I have often read that overweight is a risk factor for Type 2 diabetes. Yet in my own family I have seen that, over the long term, diabetes itself appears to cause weight loss. And despite being reduced to half their size, they are still unable to get rid of the condition. Why is this so? Why does Type 2 diabetes cause people to lose weight? And why doesn’t this help control the condition?
When the cells of the human body get stuffed with fat they stop responding to insulin. This is referred to as insulin resistance. In Type 2 diabetes most patients are overweight and thus insulin resistant. That is why they are only able to gain control of their condition with oral agents (drugs). Now if the person follows a healthy diet and regular exercise plan, he will lose the “fat weight, which makes him insulin sensitive again. But if the diabetes is uncontrolled and blood sugar is high, then the body bums muscle to obtain energy, because insulin is unavailable to break down carbohydrates into glucose. This leads to muscle loss, which makes the body weak and the diabetes remains high and out of control.
So the key is to lose fat and not muscle weight. Individuals whose diabetes is poorly regulated may have lost a lot of weight but they never get cured. Whereas those that lose fat by virtue of intense exercise and a good diet, will get more insulin sensitive and thus are able to overcome their diabetic condition.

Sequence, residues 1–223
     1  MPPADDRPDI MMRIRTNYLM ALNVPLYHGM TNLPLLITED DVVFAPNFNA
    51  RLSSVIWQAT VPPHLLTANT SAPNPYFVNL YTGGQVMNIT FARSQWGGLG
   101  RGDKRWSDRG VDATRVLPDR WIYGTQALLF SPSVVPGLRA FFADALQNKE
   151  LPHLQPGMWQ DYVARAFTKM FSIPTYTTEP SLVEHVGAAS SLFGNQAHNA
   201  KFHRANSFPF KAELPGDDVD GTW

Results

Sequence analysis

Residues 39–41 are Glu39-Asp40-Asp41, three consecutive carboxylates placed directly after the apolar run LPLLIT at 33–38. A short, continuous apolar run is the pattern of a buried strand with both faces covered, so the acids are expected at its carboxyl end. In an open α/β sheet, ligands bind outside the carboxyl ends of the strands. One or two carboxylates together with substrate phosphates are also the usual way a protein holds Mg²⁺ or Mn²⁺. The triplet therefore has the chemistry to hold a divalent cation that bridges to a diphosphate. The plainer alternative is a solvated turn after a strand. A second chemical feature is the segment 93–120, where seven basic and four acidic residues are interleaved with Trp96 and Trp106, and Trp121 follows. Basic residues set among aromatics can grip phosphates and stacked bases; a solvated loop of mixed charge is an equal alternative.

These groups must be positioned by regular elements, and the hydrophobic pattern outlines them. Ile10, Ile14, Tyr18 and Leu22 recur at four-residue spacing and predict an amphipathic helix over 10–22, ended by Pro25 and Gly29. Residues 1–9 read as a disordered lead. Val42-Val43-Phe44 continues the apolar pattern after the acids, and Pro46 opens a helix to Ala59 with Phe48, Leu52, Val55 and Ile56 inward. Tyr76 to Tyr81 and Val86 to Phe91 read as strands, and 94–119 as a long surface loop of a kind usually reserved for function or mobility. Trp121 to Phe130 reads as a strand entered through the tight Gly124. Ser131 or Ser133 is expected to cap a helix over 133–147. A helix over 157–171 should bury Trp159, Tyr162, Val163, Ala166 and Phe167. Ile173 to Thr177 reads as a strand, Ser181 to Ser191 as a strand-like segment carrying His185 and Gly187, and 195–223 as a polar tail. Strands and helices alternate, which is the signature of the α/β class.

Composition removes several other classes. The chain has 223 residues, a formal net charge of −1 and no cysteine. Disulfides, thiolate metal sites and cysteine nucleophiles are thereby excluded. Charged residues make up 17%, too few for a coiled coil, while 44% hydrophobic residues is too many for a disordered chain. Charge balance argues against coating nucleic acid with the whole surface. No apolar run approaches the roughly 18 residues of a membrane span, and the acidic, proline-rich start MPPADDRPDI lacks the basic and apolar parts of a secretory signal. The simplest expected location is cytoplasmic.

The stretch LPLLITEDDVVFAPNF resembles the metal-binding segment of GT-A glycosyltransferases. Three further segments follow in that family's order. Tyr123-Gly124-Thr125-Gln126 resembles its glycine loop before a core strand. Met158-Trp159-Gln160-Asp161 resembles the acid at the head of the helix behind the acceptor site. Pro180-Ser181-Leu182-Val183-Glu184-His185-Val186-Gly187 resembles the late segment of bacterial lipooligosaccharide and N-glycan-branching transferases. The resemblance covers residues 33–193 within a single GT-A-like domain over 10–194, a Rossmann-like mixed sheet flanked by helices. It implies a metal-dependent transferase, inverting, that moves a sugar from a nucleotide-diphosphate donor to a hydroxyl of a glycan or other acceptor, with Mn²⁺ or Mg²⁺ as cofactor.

I am 73. I am an exercise freak accustomed to regular early morning walks coupled with mild aerobic exercise. Of late, while walking or standing for a long time I experience numbness in my toes, wobble, and lose my balance. An MRI revealed that there is “circumferential disc bulge and posterior disc protrusion at L-4 to L-5 levels, L5-S1 level with compression on S1 nerve root.” I was put on spinal chord rehab which has given only 50% relief. I am continuing the exercises, but not walking as much as I used to, with the result my weight is increasing. At this advanced age with coronary heart disease, is spinal surgery an option, or is it advisable to battle it out as I am doing now? Can I use an exercise bicycle to stay in shape without any damage to the spine?
You have a mechanical problem of spine degeneration with bone formation in the discs and joints. A spine surgery to decompress is acceptable even at your age, as this is a problem of ageing. The surgery will give you considerable pain relief. Still, you will need to exercise prudence to prevent the other discs from deteriorating. The exercycle is unfortunately unkind to the knees. For the present you’ll have to rely on a judicious diet to keep your weight down.
Do keep in mind that when you decide on the surgery, it should be undertaken by a Spine/Neurosurgeon and not a general/ orthopedic surgeon.